Category Archives: It’s Not Science But…

Teaching Then and Now – How Have Things Changed?

By Blog Editor Susan Wells

I recently discovered a fun downloadable from the very popular Teachers Pay Teachers site. This printable listed the rules for school marms or teachers in 1872. Educator and blogger Barbara Evans from It’s About Time Teachers, put the download together, however, it has been printed and shared in newspapers, books, museums and all over the Internet for over 50 years.

1. Teachers each day will fill lamps, clean chimneys.

2. Each teacher will bring a bucket of water and a scuttle of coal for the day’s session.

3. Make your pens carefully. You may whittle nibs to the individual taste of the pupils.

4. Men teachers may take one evening each week for courting purposes, or two evenings a week if they go to church regularly.

5. After ten hours in school, the teachers may spend the remaining time reading the Bible or other good books.

6. Women teachers who marry or engage in unseemly conduct will be dismissed.

7. Every teacher should lay aside from each pay a goodly sum of his earnings for his benefit during his declining years so that he will not become a burden on society.

8. Any teacher who smokes, uses liquor in any form, frequents pool or public halls, or gets shaved in a barber shop will give good reason to suspect his worth, intention, integrity and honesty.

9. The teacher who performs his labor faithfully and without fault for five years will be given an increase of twenty-five cents per week in his pay, providing the Board of Education approves.

I checked Snopes.com for the accuracy and legitimacy in this list of rules. They have it listed as a Legend, saying they cannot confirm the origins. Snopes also notes that this list was probably originally shared and continues to be shared to this day to demonstrate how much better off we are from almost 130 years ago. There is also another list of similar rules from 1915 that also circulates.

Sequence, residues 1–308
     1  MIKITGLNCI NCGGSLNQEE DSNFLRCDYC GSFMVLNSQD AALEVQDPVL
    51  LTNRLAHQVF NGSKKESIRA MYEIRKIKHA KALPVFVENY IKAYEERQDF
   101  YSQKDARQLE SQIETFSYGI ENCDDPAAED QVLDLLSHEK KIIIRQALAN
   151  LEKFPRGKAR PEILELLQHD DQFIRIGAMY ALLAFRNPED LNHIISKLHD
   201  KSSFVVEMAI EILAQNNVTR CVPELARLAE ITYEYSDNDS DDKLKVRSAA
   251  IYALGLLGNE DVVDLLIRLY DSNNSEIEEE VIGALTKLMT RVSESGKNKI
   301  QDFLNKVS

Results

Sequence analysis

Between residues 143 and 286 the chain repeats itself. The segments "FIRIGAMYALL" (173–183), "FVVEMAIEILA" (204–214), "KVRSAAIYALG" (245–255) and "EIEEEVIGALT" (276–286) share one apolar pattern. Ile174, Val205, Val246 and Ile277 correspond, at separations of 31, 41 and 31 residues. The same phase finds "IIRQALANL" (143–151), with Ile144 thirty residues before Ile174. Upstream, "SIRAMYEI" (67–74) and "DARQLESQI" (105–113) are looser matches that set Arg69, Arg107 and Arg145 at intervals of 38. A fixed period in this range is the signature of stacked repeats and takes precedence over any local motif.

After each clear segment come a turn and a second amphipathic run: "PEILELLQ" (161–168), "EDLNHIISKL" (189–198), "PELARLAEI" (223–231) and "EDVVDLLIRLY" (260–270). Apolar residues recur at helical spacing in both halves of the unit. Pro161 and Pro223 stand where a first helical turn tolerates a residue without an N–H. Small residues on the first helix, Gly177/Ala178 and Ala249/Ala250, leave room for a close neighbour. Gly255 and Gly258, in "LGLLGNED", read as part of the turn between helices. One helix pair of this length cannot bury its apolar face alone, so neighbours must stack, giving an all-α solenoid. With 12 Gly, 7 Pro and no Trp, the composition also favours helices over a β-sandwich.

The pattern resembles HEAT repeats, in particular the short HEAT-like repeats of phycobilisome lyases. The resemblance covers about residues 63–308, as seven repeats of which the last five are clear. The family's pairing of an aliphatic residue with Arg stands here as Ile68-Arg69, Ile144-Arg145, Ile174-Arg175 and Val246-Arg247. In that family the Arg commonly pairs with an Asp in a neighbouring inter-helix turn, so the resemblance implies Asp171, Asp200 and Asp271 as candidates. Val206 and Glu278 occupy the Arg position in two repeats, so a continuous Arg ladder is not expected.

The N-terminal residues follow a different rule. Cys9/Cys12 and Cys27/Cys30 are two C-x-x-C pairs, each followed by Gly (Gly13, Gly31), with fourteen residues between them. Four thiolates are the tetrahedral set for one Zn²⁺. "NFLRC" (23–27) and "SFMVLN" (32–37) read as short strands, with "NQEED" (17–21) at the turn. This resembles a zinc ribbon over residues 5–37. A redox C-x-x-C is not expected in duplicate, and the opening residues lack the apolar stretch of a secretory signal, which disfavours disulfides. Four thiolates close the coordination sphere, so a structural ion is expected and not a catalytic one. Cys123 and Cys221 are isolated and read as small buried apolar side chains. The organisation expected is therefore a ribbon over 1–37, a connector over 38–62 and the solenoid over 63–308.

Whether or not this list is completely accurate and legitimate from that time period, I thought it would be fun to compare the rules to today’s expectations.

Obviously the old list is outdated. We are better off today than we were in 1872. Right? But then I began to really look at the list and and compare it to today’s teachers. By switching out a few materials and old fashioned political views, this list really hasn’t changed all that much…

1. Teachers arrive at school before their students. They ensure their classroom is organized, clean and ready for students every morning.

2. No scuttle of coal, but teachers purchase a lot of classroom materials and supplies out of their own pockets. Teachers pay for 77% of the supplies needed to keep their classroom full of educational materials for their students. That amounts to about $356 per teacher per year or $1.3 3 billion out of pocket. And that is just for basic classroom supplies. Teachers are also known to purchase snacks, lunches, school supplies and personal hygiene products and cover the cost of field trips for students whose parents are unable to cover these costs.